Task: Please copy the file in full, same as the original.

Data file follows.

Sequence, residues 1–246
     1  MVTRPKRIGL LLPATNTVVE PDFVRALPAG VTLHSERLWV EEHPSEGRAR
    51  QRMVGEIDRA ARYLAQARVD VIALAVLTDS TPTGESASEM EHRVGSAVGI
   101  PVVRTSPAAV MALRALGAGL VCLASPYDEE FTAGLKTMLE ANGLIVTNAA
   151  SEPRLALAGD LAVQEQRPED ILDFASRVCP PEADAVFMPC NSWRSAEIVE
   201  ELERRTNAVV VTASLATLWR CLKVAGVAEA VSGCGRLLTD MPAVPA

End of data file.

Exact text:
Sequence, residues 1–246
     1  MVTRPKRIGL LLPATNTVVE PDFVRALPAG VTLHSERLWV EEHPSEGRAR
    51  QRMVGEIDRA ARYLAQARVD VIALAVLTDS TPTGESASEM EHRVGSAVGI
   101  PVVRTSPAAV MALRALGAGL VCLASPYDEE FTAGLKTMLE ANGLIVTNAA
   151  SEPRLALAGD LAVQEQRPED ILDFASRVCP PEADAVFMPC NSWRSAEIVE
   201  ELERRTNAVV VTASLATLWR CLKVAGVAEA VSGCGRLLTD MPAVPA